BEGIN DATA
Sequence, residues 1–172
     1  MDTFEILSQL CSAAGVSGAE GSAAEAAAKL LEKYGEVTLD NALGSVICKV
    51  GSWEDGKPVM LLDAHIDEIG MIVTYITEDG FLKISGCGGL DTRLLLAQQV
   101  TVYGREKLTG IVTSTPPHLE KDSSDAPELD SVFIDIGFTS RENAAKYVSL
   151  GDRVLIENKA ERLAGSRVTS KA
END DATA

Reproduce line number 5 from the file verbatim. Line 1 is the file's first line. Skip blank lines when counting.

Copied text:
   151  GDRVLIENKA ERLAGSRVTS KA